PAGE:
Project Management

Conference Presentations

A Metrics Dashboard for IT Project Reporting

Tom Olenick described the activities performed to design, develop, deploy, and maintain a Project Management Metrics Dashboard across the IT organization of a major Chicago-based securities organization. Learn how this metrics dashboard was used to facilitate project status tracking for IT management and to provide a basis for improving the efficiencies of software development activities and estimation.

Thomas Olenick, Olenick & Associates
To Fight the Fire Without Completely Being Burned: A New Perspective on Heroes and Firefighters

Michael Hovan discusses the implementation of Bayer Corporation's measurement database over the past year. Discover the types of metrics collected, how the data is stored, and ways the data is analyzed and ultimately used. Based on actual data and measurement reports, learn from one company's experience in building, collecting, and using metrics to improve software performance.

Michael Hovan, Wind River Doctor Design Services
Warp 6, Mr. Sulu: The Future of Software Development

As a manager, you have many readings which help you monitor your course. Choosing a direction is a different matter. Like the crew of any Star Trek episode, you may have to make a decision based on the unknown. The best choice may not be based on what you know-but what is possible. For years we have built software in roughly the same way. Becky Winant discusses an emerging new discipline sitting on the horizon-complete with higher-level communication tools, practical knowledge capture, and advanced simulation software-that is poised and ready to change the face of software development as we know it.

Becky Winant, Esprit Systems Consulting, Inc.
Gaps, Traps, and Overlaps: Communication Flaws and How to Fix Them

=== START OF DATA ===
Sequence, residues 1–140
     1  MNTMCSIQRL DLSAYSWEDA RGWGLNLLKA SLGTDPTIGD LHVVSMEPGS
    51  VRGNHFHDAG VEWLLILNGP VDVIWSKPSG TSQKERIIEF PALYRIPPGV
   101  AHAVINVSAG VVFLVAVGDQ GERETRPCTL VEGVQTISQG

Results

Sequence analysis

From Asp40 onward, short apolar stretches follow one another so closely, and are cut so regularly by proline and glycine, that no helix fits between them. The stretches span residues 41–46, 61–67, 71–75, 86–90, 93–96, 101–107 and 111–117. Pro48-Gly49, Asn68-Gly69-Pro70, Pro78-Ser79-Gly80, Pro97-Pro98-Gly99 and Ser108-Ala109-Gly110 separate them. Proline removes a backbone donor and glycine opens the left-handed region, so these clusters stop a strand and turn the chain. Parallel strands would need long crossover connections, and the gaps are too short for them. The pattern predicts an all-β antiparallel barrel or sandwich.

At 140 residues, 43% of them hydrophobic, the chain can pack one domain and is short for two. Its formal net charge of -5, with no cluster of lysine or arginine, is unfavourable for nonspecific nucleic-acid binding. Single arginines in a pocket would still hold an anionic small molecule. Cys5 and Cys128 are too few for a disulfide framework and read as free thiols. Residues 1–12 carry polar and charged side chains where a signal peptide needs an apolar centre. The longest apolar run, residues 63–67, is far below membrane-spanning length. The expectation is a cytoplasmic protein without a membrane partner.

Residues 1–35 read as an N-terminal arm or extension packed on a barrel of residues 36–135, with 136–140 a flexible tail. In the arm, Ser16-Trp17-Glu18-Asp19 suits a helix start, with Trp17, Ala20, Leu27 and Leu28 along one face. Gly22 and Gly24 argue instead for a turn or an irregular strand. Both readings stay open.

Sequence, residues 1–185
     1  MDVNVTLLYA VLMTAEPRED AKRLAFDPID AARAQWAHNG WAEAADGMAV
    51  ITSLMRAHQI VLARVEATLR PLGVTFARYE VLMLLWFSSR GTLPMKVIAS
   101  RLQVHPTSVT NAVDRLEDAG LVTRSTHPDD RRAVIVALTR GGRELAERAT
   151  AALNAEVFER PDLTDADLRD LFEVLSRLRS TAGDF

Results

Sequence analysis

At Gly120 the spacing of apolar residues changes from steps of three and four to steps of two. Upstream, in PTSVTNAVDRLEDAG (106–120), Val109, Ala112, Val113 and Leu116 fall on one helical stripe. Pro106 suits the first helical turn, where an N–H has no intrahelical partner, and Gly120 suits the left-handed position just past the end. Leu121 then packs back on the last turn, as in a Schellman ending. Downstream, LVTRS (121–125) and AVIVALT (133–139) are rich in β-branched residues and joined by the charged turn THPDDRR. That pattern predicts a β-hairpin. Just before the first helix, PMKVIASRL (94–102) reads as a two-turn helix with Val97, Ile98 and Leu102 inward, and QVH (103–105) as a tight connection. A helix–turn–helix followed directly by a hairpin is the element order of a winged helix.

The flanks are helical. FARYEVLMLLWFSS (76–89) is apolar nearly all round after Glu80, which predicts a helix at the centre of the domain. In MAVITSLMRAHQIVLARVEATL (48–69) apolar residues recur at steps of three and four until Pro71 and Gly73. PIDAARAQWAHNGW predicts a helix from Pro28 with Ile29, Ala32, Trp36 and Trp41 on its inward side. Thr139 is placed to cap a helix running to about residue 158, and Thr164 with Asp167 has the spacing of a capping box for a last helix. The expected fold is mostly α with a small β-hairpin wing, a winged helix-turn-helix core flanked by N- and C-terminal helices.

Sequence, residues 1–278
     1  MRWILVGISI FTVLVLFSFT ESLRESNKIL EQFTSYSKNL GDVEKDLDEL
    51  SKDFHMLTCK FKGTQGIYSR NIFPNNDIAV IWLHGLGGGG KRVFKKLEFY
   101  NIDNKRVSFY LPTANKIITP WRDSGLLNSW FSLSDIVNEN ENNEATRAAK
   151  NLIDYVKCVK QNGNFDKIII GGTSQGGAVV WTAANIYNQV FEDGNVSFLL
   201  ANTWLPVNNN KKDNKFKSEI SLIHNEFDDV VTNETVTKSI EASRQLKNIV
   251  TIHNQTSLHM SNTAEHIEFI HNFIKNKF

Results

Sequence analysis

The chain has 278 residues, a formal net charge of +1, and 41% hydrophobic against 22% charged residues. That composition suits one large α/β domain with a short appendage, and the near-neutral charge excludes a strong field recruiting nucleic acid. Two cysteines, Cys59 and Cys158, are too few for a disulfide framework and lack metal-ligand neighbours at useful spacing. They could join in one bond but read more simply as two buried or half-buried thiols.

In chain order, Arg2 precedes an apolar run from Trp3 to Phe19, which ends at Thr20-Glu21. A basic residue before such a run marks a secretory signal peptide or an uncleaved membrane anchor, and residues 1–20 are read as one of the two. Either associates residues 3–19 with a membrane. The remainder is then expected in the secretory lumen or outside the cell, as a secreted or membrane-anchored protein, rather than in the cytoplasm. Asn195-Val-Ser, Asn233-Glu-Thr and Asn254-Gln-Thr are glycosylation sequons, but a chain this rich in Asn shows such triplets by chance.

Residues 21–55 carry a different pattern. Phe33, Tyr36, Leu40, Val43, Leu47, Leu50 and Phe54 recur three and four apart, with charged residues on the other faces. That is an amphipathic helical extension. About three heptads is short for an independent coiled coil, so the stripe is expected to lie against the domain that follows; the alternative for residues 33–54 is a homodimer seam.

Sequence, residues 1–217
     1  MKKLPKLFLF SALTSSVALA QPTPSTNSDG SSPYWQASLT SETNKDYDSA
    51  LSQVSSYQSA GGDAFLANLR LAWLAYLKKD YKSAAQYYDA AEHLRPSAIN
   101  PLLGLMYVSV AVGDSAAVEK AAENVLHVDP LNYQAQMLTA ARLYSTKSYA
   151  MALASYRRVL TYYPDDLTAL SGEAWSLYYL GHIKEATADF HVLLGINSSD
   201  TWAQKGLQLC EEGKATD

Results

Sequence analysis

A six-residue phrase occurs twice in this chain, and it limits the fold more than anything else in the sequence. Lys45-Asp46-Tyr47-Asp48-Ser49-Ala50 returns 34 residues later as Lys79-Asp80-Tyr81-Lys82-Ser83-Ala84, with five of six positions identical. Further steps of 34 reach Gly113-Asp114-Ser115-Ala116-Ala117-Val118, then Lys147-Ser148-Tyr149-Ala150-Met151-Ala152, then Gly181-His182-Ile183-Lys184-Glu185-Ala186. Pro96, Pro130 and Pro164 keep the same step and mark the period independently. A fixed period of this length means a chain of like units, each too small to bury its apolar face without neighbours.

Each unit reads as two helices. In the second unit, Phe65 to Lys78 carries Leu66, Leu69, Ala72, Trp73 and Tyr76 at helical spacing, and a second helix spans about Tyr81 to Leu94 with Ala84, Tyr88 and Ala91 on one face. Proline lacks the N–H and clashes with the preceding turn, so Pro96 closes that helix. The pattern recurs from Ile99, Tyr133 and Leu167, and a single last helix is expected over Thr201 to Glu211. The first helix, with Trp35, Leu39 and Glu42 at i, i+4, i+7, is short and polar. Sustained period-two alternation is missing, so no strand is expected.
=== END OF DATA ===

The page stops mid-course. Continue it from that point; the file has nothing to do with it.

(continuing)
In some organizations, communication flaws are rampant and muddled messages are the norm. Success in software efforts is often hindered by communication that is incomprehensible, ambiguous, misdirected, ill-timed--or lacking when it is most needed. The result? Rocky relationships, topsy-turvy teamwork, precarious projects, and crazed customers. The situation is not hopeless, though. In fact, making changes is surprisingly easy. In a presentation that is both serious and light-hearted, Naomi Karten shares ideas, experiences, and advice to help you detect, correct, and prevent some of the most common communication snafus.

Naomi Karten, Karten Associates
The Story Software Defects Tell about Project Management

We often evaluate and design software processes and activities as if putting them on lists and schedules will automatically make them happen. Yet software development also includes complex human interactions that must be planned and managed in order to gain best results, or to even survive. Drawing upon over one hundred candid engineers' comments from twenty root-cause analysis brainstorming sessions of frequently occurring defects, Bob Grady reveals fascinating insights into project management backgrounds, methods, training, and weaknesses. Into these insights, he weaves the use of personality preferences with project management methods to help you avoid common pitfalls in ways that engineers themselves prefer.